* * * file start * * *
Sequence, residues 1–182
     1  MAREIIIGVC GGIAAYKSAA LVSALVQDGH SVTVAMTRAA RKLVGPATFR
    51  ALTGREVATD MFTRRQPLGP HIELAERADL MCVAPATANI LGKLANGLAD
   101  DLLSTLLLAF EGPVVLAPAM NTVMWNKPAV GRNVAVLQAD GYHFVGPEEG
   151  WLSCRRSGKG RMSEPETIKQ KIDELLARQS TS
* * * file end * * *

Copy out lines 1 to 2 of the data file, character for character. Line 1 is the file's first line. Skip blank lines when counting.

Sequence, residues 1–182
     1  MAREIIIGVC GGIAAYKSAA LVSALVQDGH SVTVAMTRAA RKLVGPATFR